Large fractures of the anterior glenoid rim can result in persisting instability and osteoarthri- tis of the glenohumeral joint When this fracture is associated with a glenohumeral dislocation and proximal humerus fracture could be a concern. The goal of this paper was to evaluate the clinical and radiological outcomes and complications of reverse shoulder arthroplasty (RSA) and glenoid bone graft in cases with a significant anterior glenoid fracture associated with a proximal humerus fracture. Hypothesis: RSA and step bone graft harvested from proximal humeral head could be a viable option in the treatment of this complex injury. Design: Retrospective case series. Material and methods: Twenty-six patients underwent RSA and glenoid bone graft in a single stage pro- cedure were evaluated at an average 32 months postoperatively. There were 18 women and 8 men with a mean age of 68.5 years (range 63–75 years). Reverse shoulder arthroplasty with a contoured glenoid bone graft placed underneath the baseplate using humeral head autograft was utilized in all cases. Clini- cal outcomes were evaluated with range of motion, Constant score and self-reported subjective outcome rated as excellent, good, fair or poor. Radiographic evaluation was performed to evaluate for baseplate displacement or loosening, bone graft union, resorption or collapse. Results: At final follow-up, average active elevation was 135◦ (range 110◦–145◦), abduction 122◦ (range 60◦–160◦), and external rotation 30◦ (range 0 to 45◦). The mean Constant score was 68.2 (range 54–83). The clinical results were rated as excellent by 15 patients, good by 9, and fair by 2. Radiographic evaluation showed the disc of cancellous bone graft healed without any signs of graft resorption or migration in all 26 cases. No reoperation was performed on any patient in this series. Discussion/Conclusion: RSA with glenoid bone grafting produces satisfactory short-term outcomes with acceptable complication rates for treatment of patients greater than 60 years old with proximal humerus fractures associated with an anterior glenoid rim fracture. Further studies are necessary to determine the extended viability of this procedure. Level of evidence: III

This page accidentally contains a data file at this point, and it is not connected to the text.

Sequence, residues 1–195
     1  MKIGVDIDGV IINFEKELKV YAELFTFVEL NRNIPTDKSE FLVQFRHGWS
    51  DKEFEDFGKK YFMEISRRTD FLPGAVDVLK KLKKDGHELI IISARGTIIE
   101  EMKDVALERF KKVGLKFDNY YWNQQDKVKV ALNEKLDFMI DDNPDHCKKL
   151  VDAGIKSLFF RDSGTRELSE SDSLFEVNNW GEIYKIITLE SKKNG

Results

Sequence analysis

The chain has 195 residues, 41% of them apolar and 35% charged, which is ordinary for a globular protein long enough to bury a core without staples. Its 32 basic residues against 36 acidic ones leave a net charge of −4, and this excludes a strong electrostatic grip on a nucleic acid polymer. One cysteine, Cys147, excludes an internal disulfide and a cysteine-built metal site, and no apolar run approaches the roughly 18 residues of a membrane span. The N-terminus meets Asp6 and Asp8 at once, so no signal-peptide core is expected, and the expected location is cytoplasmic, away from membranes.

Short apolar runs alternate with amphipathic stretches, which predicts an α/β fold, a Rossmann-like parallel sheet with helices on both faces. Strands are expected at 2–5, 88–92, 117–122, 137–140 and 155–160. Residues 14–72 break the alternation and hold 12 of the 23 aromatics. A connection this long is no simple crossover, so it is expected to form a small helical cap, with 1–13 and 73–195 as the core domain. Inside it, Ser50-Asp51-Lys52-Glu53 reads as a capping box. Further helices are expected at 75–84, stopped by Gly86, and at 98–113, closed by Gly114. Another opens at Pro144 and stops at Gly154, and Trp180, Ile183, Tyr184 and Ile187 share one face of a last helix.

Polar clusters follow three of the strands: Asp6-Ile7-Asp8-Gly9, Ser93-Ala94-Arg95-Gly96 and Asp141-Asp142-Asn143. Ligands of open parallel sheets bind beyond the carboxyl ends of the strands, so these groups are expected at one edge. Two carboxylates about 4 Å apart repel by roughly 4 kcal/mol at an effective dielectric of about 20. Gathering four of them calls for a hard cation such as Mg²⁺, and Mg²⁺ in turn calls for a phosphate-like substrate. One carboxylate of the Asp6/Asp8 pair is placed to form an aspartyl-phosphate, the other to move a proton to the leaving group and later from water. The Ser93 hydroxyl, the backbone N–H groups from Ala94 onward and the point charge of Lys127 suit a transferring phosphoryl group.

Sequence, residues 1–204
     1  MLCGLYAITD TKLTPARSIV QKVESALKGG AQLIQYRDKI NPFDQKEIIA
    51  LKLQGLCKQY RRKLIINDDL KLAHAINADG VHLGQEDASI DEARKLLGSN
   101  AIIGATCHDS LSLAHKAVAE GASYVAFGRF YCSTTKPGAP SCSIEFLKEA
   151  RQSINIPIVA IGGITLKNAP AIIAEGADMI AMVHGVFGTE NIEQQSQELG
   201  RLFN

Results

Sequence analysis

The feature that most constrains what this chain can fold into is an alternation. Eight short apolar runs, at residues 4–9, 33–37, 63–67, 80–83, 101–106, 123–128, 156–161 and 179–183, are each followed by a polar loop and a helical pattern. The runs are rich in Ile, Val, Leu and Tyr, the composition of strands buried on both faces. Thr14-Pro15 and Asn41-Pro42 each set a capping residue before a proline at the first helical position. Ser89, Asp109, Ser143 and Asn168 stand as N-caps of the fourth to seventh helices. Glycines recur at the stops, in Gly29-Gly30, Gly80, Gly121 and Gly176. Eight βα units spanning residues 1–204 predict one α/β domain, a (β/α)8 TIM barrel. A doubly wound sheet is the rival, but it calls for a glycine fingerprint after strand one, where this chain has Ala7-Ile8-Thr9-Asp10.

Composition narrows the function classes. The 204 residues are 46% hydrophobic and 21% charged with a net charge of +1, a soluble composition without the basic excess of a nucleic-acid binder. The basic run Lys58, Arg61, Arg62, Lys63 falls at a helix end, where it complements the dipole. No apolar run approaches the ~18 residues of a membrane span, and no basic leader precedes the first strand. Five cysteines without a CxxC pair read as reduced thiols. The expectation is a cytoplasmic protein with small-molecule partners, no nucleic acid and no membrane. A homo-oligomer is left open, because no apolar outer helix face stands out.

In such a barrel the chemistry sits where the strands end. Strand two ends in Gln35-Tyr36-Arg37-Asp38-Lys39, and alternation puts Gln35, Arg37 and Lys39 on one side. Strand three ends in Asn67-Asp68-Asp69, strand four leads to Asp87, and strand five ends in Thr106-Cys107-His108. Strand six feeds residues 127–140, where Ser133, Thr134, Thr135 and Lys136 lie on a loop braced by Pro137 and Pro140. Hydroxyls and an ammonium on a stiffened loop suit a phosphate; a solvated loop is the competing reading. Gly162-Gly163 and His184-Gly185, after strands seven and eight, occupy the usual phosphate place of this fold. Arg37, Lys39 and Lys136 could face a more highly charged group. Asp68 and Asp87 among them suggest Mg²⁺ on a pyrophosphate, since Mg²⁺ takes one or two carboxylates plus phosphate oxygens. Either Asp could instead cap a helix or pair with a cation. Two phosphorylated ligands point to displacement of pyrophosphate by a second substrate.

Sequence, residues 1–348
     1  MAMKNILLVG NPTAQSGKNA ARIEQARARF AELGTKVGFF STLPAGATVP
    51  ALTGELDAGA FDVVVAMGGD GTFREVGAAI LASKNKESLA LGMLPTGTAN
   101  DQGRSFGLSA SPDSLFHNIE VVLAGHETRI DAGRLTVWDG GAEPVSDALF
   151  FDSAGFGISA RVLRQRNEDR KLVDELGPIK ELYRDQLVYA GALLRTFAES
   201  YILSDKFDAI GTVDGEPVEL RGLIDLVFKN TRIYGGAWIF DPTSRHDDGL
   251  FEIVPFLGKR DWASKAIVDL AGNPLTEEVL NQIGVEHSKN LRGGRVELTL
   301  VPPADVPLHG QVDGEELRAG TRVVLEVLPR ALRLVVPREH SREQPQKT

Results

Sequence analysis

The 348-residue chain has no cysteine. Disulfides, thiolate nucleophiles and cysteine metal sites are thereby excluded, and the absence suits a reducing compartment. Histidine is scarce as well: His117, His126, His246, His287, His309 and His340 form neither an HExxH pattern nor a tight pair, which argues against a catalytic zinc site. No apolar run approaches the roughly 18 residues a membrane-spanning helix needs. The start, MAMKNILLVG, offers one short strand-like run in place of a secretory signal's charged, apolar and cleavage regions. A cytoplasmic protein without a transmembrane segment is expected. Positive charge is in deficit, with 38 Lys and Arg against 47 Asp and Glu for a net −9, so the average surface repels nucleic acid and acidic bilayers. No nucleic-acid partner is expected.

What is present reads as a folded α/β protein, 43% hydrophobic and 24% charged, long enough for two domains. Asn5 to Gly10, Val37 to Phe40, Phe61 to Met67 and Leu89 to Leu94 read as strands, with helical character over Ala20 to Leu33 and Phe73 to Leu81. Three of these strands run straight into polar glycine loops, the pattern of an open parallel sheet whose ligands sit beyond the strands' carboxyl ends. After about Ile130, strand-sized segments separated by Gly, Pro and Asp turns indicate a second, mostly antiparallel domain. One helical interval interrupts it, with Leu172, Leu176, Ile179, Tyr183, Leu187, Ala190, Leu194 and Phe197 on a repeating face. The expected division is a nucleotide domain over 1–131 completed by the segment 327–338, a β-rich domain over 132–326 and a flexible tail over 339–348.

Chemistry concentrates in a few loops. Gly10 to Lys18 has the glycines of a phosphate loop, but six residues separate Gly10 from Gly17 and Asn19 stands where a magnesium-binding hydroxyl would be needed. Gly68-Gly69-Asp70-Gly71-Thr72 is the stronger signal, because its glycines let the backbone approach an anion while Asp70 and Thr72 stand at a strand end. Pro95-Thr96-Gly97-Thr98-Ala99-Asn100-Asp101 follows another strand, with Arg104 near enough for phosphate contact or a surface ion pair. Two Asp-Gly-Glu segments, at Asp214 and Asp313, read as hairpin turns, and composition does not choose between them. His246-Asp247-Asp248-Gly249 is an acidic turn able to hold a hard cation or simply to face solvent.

Reverse shoulder arthroplasty with glenoid bone grafting for anterior glenoid rim fracture associated with glenohumeral dislocation and proximal humerus fracture

Castagna A;
2016

Abstract

Large fractures of the anterior glenoid rim can result in persisting instability and osteoarthri- tis of the glenohumeral joint When this fracture is associated with a glenohumeral dislocation and proximal humerus fracture could be a concern. The goal of this paper was to evaluate the clinical and radiological outcomes and complications of reverse shoulder arthroplasty (RSA) and glenoid bone graft in cases with a significant anterior glenoid fracture associated with a proximal humerus fracture. Hypothesis: RSA and step bone graft harvested from proximal humeral head could be a viable option in the treatment of this complex injury. Design: Retrospective case series. Material and methods: Twenty-six patients underwent RSA and glenoid bone graft in a single stage pro- cedure were evaluated at an average 32 months postoperatively. There were 18 women and 8 men with a mean age of 68.5 years (range 63–75 years). Reverse shoulder arthroplasty with a contoured glenoid bone graft placed underneath the baseplate using humeral head autograft was utilized in all cases. Clini- cal outcomes were evaluated with range of motion, Constant score and self-reported subjective outcome rated as excellent, good, fair or poor. Radiographic evaluation was performed to evaluate for baseplate displacement or loosening, bone graft union, resorption or collapse. Results: At final follow-up, average active elevation was 135◦ (range 110◦–145◦), abduction 122◦ (range 60◦–160◦), and external rotation 30◦ (range 0 to 45◦). The mean Constant score was 68.2 (range 54–83). The clinical results were rated as excellent by 15 patients, good by 9, and fair by 2. Radiographic evaluation showed the disc of cancellous bone graft healed without any signs of graft resorption or migration in all 26 cases. No reoperation was performed on any patient in this series. Discussion/Conclusion: RSA with glenoid bone grafting produces satisfactory short-term outcomes with acceptable complication rates for treatment of patients greater than 60 years old with proximal humerus fractures associated with an anterior glenoid rim fracture. Further studies are necessary to determine the extended viability of this procedure. Level of evidence: III
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Utilizza questo identificativo per citare o creare un link a questo documento: https://hdl.handle.net/11699/4138
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